Shapiro and Olander, whose lucrative city work has been a source of controversy because of the law firm's close ties to Mayor Kurt L. Schmoke, is out as the principal counsel to Baltimore's economic development agency and empowerment zone.
The city Law Department will handle most of the work for the Baltimore Development Corp. previously done by Shapiro and Olander, and the Empowerment Zone Management Corp. will seek to get legal work done for free, the mayor and other officials said yesterday.
In the 4 1/2 years from 1991 through July of this year, Shapiro and Olander received $144,352 from BDC -- 70 percent of the money the agency paid to private legal firms during that time. The firm also was paid $231,279 in fees and expenses by borrowers in BDC deals.
In the year since the city was designated as a federal empowerment zone, Shapiro and Olander has received $103,000 in legal fees for work on the multimillion-dollar effort to revitalize poor neighborhoods.
Both changes come after Mr. Schmoke and Shapiro and Olander disclosed under public pressure that the firm had been paid $2.43 million in city-related work during those 4 1/2 years, a greater sum than all but one other law firm.
Roger C. Lipitz, the chairman of BDC's newly revamped board, called it "good, common-sense policy" to use the city's own legal staff as general counsel instead of paying a private firm. "If we have an opportunity to use the Law Department free of charge, we ought to," Mr. Lipitz said yesterday.
It had been the custom of the city's previous economic development agencies to mainly use the Law Department, which now has a staff of 78 and a budget of $10 million. But when the mayor created BDC in 1991, Shapiro and Olander became the principal counsel and handled many complex business deals, such as the lease with the Columbus Center.
Last spring, several civic and business leaders complained to a mayoral commission that the agency's reliance on Shapiro and Olander was hurting its credibility and perception of independence. And an empowerment zone board member questioned the amount of money going to the firm.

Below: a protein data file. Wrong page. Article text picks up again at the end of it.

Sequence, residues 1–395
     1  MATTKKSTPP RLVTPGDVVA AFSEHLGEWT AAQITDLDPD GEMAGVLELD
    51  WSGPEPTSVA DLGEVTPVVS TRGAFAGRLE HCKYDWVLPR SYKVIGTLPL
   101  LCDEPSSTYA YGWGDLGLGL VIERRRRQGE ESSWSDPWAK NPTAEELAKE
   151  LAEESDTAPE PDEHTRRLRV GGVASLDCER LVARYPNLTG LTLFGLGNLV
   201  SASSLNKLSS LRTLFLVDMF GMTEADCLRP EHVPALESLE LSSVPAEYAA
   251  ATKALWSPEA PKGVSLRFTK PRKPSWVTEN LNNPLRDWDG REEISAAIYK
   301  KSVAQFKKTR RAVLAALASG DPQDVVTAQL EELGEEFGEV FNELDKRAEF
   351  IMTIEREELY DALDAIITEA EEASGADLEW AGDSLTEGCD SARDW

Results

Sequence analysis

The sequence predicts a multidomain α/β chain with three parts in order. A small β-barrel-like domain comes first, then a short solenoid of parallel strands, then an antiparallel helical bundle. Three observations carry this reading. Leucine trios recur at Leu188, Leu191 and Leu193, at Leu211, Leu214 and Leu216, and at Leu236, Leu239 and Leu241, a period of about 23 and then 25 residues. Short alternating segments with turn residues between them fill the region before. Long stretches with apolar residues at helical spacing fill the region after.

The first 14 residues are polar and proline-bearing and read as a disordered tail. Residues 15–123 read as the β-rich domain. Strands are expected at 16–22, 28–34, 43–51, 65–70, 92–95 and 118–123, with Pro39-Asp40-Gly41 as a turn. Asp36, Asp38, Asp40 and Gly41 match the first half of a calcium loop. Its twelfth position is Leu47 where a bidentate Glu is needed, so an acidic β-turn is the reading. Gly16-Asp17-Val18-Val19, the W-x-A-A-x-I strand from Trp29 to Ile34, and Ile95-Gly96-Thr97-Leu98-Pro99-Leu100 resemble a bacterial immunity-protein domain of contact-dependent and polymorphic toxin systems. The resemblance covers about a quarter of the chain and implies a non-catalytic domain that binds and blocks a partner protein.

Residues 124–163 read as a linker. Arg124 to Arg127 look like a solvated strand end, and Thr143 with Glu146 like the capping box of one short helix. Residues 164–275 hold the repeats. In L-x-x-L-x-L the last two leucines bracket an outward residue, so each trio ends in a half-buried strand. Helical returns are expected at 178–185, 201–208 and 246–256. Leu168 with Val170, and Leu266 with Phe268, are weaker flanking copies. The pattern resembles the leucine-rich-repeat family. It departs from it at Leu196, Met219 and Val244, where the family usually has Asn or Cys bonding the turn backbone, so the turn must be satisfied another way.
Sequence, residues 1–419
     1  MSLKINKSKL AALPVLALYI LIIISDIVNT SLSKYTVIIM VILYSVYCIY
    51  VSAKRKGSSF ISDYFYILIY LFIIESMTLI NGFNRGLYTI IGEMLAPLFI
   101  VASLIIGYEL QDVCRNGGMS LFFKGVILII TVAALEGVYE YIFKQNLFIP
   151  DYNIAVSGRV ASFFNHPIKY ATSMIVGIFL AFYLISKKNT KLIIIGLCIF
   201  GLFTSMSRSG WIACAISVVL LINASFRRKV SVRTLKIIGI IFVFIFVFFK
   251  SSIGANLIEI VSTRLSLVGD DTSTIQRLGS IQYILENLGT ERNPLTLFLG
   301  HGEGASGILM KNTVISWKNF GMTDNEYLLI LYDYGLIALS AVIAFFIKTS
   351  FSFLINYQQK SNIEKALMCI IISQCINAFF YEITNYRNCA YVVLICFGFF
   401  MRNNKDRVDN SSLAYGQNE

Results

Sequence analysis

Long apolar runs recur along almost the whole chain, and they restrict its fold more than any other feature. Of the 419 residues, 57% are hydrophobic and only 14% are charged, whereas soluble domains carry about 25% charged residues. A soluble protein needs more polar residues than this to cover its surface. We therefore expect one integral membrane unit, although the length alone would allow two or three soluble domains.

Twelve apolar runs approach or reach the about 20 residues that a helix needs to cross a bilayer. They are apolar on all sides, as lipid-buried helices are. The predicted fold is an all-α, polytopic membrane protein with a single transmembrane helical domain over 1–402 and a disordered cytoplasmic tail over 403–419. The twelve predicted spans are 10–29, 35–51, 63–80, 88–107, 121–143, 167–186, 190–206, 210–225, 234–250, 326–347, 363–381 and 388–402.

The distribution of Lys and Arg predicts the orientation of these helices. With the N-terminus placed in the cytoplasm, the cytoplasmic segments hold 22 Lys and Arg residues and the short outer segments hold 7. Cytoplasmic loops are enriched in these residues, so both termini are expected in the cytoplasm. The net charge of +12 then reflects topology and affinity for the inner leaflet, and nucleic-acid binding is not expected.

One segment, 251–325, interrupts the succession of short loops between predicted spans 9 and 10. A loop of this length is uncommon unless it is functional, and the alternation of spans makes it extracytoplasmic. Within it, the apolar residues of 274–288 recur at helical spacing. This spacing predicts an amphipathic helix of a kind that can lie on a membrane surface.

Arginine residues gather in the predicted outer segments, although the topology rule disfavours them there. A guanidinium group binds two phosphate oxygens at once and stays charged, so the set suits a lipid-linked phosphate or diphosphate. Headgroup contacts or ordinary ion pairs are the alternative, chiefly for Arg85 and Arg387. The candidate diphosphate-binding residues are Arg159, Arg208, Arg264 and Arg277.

Shapiro and Olander's managing partner said that the firm never likes to lose work but that its business overall is doing well.
"If we lose any work from any client, it bothers me," said Christopher D. Olander, head of the 33-member downtown firm.
But, he added, "The city of Baltimore and its agencies represented a small part of our business. The city portion of our business has diminished. The rest of our business is growing."
The firm -- whose lawyers include Ronald M. Shapiro, the mayor's campaign treasurer, and Larry S. Gibson, the mayor's chief political strategist -- had played an increasingly significant role in some of the Schmoke administration's most important initiatives.
The millions in taxpayer money spent on outside legal work, especially for the politically connected Shapiro and Olander, became an issue in the hard-fought Democratic mayoral primary. After repeatedly defending the practice of awarding legal work to private firms, Mr. Schmoke said upon his victory to a third term that he wanted to limit the practice.
Yesterday, the mayor said that decisions on how much and what work to turn over to the Law Department would be made on "an agency-by-agency basis."
Mr. Lipitz made clear that he wanted to use the Law Department as principal counsel when the mayor appointed him to overhaul the city's beleaguered economic development agency this fall. However, the agency still will hire outside firms, including Shapiro and Olander, with expertise for specialized work.
Diane Bell, acting chief executive officer of the Empowerment Zone Management Corp., said the quasi-public board overseeing $100 million in federal revitalization funds wanted to get as much legal work as possible done for free.
"We're exploring ways to get pro-bono legal assistance," she said, including services from Shapiro and Olander, which has donated some of its work.
But she, too, did not rule out the possibility of hiring the firm for specific issues.
Shapiro and Olander did little city work before Mr. Schmoke became mayor in 1987. But by the end of his second term, Baltimore had become by far the firm's biggest public client in Maryland.
Handled much work
The firm has handled a wide array of city-related work, from bonds to business deals. It also acted as top counsel for many of the city's quasi-public agencies, which are substantially financed with taxpayer money. One of them, the Community Development Financing Corp., a lending bank, is keeping the firm as general counsel.
Although its city work is diminishing, Shapiro and Olander has developed a more lucrative relationship with Prince George's County, where it now is county bond counsel.
Mr. Gibson was the senior campaign adviser to Wayne K. Curry during his successful run for county executive in 1994.
Mr. Lipitz said he might ask the Law Department to hire another attorney to specialize in economic affairs. But City Solicitor Neal M. Janey said no decision has been made.